|Will the Mo-bot win the 10,000?|
2. After watching a few days of Olympic swimming, I am always impressed with both the similarities and differences between swimming and running.
- First, in swimming, time is always important. Final fields are determined strictly on time, and it's possible to win a preliminary heat but not advance to the final. This means that swimmers must swim close to a full effort in every heat. If runners were required to do this, they would be destroyed by the heats, as it would be impossible to recover from a series of close to 100% efforts.
- Relatedly, another difference between swimming and track is the literally unbelievable (at least from a running perspective) ability of these athletes to recover. Last night, Missy Franklin won the 100m backstroke, breaking the American and Olympic records, only 10 minutes after racing in the 200m free. The 200m freestyle takes roughly as long as an 800m running event, and it would be impossible to imagine coming back 10 minutes after a world class 800m to perform at an elite level. I'm not sure what this means -- but here are two hunches. First, the amount of time swimmers spend training is tremendous, and this must be related to their ability to recover. We runners know that reduced recovery times are one of the benefits of high mileage. Second, it also shows the extent to which running is not only an endurance sport but an impact sport. So much of what we deal with in running is a matter of balancing a high volume of training with reducing the impact of training. Alter-G, anyone? This suggests that most runners could benefit from some form of cross-training that reduces impact.
- Tactics. Watching swimming reminds me just how important the tactical nature of track running is. This is easy to forget for us hobbyjoggers who get pulled into chasing PRs. At the top levels of the sport, track is not about time, but about competition. This is something that I hope NBC understands and attempts to portray in their coverage. Track racing is all about rhythm and disruptions of rhythm, surging, positioning, kicking. In swimming, at least to these layman's eyes, the winner of the race is always the fittest. In track this is not always the case.
- Bodies. One thing that is striking about the Olympics is the wide variety of athletic bodies. Swimming bodies are so different from running bodies. Theirs are--for the most part--heavy, flexible, powerful, undulating. In this way, they mirror the medium in which they do their work. Runners' bodies are stiff and angular, and to my eye they always betray the fact that runners tread line a thin line between injury and health. They are simultaneously strong and fragile. Swimmers just look strong.
3. My achilles tendons get sore just watching these gymnasts. Holy tendinitis, batman!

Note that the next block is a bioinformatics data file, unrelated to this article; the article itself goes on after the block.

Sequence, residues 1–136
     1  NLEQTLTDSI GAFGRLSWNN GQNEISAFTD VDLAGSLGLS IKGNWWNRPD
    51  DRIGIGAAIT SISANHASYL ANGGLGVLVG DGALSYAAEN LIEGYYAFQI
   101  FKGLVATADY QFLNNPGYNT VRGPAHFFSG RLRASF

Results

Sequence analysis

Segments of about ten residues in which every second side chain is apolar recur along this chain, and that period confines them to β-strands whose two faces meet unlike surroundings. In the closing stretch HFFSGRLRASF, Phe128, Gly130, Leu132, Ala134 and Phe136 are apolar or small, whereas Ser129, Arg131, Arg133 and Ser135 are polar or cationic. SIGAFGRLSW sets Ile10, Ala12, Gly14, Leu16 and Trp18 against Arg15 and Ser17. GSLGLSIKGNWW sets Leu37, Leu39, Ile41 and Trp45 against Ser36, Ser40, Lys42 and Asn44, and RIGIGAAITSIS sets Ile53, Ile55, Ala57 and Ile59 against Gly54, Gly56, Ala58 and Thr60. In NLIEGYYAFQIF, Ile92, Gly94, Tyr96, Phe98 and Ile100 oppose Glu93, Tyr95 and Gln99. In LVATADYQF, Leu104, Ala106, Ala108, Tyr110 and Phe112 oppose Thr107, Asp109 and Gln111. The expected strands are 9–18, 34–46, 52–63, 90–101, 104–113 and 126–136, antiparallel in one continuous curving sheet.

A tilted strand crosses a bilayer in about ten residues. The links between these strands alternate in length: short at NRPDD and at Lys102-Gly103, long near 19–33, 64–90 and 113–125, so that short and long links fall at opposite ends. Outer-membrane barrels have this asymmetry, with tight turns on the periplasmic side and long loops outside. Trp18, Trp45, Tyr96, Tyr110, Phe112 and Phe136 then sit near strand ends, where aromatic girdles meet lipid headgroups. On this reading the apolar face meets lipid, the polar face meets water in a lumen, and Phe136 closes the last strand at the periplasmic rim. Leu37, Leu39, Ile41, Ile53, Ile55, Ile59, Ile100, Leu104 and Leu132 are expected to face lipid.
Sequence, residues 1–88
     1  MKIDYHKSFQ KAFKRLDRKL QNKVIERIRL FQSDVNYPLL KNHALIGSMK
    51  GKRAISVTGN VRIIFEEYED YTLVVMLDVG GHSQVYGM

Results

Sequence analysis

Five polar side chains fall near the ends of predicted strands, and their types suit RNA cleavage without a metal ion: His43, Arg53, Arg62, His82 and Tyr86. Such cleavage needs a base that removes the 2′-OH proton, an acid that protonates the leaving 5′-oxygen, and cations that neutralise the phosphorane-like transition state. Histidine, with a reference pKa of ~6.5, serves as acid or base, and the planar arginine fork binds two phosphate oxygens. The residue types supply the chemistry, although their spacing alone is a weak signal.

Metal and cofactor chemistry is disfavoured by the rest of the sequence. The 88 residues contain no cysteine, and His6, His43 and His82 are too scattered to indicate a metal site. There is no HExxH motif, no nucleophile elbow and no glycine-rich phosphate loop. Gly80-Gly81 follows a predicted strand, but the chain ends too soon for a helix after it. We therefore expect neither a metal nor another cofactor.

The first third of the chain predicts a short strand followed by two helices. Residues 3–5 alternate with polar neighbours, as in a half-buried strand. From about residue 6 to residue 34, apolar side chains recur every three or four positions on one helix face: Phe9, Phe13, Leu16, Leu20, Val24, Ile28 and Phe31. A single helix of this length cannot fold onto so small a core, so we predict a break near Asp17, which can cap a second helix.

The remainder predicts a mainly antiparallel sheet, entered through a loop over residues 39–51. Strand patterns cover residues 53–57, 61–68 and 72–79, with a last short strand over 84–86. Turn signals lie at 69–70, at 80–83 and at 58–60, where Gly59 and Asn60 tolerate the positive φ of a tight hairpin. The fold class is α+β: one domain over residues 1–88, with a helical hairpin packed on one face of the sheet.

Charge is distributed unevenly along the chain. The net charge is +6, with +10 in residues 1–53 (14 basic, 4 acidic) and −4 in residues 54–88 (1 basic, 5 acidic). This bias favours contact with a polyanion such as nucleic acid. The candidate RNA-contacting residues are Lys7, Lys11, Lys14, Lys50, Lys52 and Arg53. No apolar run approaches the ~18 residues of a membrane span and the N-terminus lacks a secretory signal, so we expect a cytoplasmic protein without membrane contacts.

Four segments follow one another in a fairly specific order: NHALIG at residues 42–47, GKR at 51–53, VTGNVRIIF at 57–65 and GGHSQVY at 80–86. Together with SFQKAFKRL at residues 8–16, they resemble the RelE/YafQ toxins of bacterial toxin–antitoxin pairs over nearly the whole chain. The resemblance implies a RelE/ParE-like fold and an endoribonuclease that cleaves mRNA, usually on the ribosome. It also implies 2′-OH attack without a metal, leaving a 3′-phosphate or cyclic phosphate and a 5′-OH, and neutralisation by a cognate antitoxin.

4. I find myself embracing my Americanism more than ever in these games. Usually the nationalism of the Olympics is a turn-off, but I am so excited by the current field of American distance runners that I am putting my snooty cosmopolitanism to the side and cheering lustily for our American side. Cool side note: cheering American these days is pretty compatible with liberal cosmopolitanism: Go Lagat! Go Shalane! Go Lomong! Go Rupp! Go Uceny! Go Leo!
|Click on this picture to enlarge and check out the veins in Rupp's legs.|
5. This brings me to the opening ceremony. I loved it. To me, it was a long commentary on the blending of cosmopolitanism and place that is characteristic of the 21st century. Seems to me that Danny Boyle was making the point that what is unique about London is what it has in common with the rest of the world, that is, it has a long local history that leads into and funds and puts special twists on the way in which globalization happens there. I thought the lighting of the torch was simply spectacular and consistent with the theme. Instead of looking backwards to a provincial hero like Bannister, it looked forwards and outwards, with the yet-to-be-known young athletes setting off many torches. He gave us a symbol of the sort of unity that the 21st century is aiming towards: that unity in difference, a world that comes together through accretion and spontaneous connection, but is no less together. Cool stuff. And even cooler since folks from the British Isles like Shakespeare and Joyce and Hobbes and Locke and Hume have been pointing in that direction for centuries.
6. Drugs/Technology/Cheating. Beneath and behind all of these great performances will always lie a dark specter. When seeking efforts and accomplishments that are too good to be true, we will find efforts and performances that turn out to be too good to be true. It's unavoidable. What should the appropriate response to cheating in the Olympics be for the 21st century fan? I think we need to avoid extremes of judgment. We can't let our cynicism about cheating prevent us from being truly inspired by the performances that we see. On the other hand, we can't let our desire for cheap inspiration cause us to turn a blind eye to the things that threaten the health of athletes, the field of fair play, and the spirit of open and friendly competition that is what we love about sport.
To me the greatest travesty of doping is that it undermines the simple idea that sport promulgates: our competitive struggle against each other can, when done the right way, lead to greater things than individual glory. What makes cheating wrong is not simply that it breaks established rules. It's that it doesn't respect the reciprocity of competition. It's that reciprocity and the equality that it entails that makes winning meaningful. After all, if the participants in a contest are not equally matched, winning is not winning at all -- it is simply the bald exercise of power.
It's a great time to be a track fan.